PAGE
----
Encarnacion hit a solo home run Tuesday against the Yankees, his second long fly in as many games, picking up two RBI's in the series opener. In his last 10 games, including the tilt against the Yankees, the five year veteran has those two homers to go along with 11 hits and eight runs driven in.

Perhaps it's the fact he is fully recovered from his injury. Maybe it is because he has figured out American League pitching after coming over from the National League. Or, as a cynic might suggest, it could very well be related to having no pressure placed upon him for meaningless ball games in September. Whatever the case, it's a situation that the Blue Jays hope continues well into next year.

Snider smacks two huge bombs in New York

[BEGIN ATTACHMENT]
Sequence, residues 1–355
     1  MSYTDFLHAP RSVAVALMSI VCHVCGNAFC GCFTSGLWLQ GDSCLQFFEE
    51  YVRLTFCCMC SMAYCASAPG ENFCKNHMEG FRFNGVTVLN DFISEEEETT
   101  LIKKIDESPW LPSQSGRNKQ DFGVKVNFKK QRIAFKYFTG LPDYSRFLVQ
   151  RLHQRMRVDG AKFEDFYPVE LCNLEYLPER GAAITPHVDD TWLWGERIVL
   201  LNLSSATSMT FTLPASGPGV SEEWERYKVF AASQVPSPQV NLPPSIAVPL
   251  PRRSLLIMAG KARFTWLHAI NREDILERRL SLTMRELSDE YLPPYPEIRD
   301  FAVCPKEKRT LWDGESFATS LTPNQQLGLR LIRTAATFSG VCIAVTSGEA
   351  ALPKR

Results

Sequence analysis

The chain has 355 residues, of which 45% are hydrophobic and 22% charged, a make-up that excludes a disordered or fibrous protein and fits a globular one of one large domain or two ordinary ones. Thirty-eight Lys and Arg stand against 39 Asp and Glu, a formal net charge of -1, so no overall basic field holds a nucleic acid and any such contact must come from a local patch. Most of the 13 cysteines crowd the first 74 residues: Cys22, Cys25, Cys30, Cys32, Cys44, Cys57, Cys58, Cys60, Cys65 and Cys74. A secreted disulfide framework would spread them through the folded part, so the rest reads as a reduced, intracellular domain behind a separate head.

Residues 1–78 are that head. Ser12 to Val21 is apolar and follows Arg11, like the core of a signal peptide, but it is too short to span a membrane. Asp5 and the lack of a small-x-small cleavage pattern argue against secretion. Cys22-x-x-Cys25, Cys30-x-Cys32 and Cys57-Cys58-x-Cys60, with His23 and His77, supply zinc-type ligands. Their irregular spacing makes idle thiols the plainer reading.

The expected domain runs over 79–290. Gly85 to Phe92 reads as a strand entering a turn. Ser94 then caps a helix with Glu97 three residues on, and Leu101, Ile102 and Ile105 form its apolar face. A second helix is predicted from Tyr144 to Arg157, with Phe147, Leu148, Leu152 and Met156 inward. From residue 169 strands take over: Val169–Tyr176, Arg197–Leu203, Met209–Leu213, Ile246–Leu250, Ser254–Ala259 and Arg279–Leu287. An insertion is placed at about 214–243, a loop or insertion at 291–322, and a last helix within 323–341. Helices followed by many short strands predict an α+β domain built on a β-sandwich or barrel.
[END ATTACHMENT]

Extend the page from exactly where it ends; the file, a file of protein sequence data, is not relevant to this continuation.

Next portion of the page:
First of all, it has been far too long since my last post about the Blue Jays. It partly has to do with the fact that the club is unwatchable. But it also had something to do with the fact I was on vacation. However, I digress.

Travis Snider came up huge Tuesday in the Bronx, cranking not one, but two huge home runs against the Yankees, showcasing just how good this guy will be once he has more major league experience. The two dingers weren't just clearing the wall either. He obliterated both baseballs. The kid is still very young however, so the Jays will take the good with the bad. He whiffed in his other three at bats.